Letting teachers believe in their own creativity

Creativity can overcome anything...if you can believe.

Photo of Chris Good
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Chris Barez-Brown tells a story from the world of track and field that showcases the power of belief in overcoming obstacles or tackling the unknown.

"There’s a classic example with Roger Banister. He was the first guy who beat the four-minute mile. Now, nobody believed it was possible until he did. Physicians said the human heart and lungs didn’t have the capacity to carry a man so fast. And yet, Roger Banister managed to achieve the four-minute mile. Within one year, over 30 people had done the same and within three years, over 300 people had done the same. Now, the human species hadn’t suddenly become faster and stronger, they just believed."

Teaching is often about taking on the unknown, and professional development is all about embracing it. How might professional development give teachers creative confidence and the power to believe?


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Photo of Paula Marra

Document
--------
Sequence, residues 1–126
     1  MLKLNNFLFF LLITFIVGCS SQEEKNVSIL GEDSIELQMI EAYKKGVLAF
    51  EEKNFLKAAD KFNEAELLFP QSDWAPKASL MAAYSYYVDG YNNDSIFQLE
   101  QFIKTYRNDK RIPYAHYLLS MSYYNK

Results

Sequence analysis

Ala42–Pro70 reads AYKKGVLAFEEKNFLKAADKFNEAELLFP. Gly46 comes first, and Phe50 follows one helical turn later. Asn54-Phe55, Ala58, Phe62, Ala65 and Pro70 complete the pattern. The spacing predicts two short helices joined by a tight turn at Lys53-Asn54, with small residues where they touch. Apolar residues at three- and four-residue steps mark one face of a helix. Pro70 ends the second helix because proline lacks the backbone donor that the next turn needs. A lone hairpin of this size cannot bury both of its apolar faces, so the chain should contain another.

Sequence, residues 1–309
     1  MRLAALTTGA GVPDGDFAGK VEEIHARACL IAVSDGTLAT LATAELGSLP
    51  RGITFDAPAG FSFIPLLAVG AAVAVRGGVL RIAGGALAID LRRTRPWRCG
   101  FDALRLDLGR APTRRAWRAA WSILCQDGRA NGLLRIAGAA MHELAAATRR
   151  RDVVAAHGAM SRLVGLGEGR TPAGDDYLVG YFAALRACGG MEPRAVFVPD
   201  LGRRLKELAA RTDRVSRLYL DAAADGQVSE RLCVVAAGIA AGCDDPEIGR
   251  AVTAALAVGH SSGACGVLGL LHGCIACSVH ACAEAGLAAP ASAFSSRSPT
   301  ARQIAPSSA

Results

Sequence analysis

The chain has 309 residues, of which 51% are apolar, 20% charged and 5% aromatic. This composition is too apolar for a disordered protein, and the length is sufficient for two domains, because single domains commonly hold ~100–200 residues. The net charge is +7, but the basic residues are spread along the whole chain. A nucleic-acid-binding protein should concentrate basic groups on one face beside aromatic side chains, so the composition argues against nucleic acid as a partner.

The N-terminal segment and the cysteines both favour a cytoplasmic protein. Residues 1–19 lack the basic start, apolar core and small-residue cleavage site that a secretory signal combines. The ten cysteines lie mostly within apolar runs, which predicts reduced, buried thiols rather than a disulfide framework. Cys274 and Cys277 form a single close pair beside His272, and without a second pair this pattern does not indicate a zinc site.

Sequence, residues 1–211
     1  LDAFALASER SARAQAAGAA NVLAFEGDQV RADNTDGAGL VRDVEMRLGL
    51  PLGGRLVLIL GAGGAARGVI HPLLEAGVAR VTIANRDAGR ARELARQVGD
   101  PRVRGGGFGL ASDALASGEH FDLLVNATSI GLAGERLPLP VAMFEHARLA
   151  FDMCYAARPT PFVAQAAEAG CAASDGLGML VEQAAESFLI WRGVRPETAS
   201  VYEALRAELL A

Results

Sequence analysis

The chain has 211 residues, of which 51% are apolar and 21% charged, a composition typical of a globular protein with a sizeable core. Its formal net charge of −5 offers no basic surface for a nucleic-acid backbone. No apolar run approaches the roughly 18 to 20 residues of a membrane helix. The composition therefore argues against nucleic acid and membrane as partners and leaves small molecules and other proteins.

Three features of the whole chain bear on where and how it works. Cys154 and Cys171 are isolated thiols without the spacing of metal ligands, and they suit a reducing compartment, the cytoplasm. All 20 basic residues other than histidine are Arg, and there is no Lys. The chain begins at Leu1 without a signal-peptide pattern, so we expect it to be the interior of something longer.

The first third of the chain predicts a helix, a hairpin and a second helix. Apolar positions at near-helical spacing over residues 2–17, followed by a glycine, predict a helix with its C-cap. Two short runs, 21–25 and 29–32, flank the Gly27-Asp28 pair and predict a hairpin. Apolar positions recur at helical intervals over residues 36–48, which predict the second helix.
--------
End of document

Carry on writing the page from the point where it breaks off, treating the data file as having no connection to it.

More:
Hi Chris, I like this very much: "Teaching is often about taking on the unknown, and professional development is all about embracing it." and now I am curious how would you answer your HMW?

Photo of Dan Blake

I can't speak for Chris, but for me, creative confidence can only come from taking risks and doing things you didn't even know you were capable of doing. The question I would have is how often are PD experiences crafted in a way that even allow teachers to take risks, explore, and move beyond their comfort zones?

Photo of Paula Marra

Hi Dan,

I would say not often enough....unfortunately! We must come up with an amazing reimagine PD here so we can spread worldwide!

Photo of Jessica Lura

I agree. How do we shift from PD being focused on information dissemination to pushing teachers to grow and move beyond their comfort zone? I was okay with info dissemination whenI started teaching but I wonder if that was because there was not as much information online--I had to go to workshop/training/PD to learn about the topic. Now I can just look it up online and read about it. Just like the abundance of information is shifting how/what we teach students, it needs to also shift what we do in PD sessions.

Photo of Jessica Lura

I think that using school-provided PD time to work on teachers' creative confidence & pushing them out of their comfort zone is important (since it's something that most people won't chose to do). I've taken to doing tinkering activities in my PD where most teachers feel like they don't know what to do at first but manage to either persevere or at least muddle through it. It always elicits a lot of laughter and really good reflection at the end--"I thought I couldn't do it but can, I know how my students feel." I feel like a series of low-barrier/low entry hands-on activities can help improve their confidence in being makers, designers, and creative.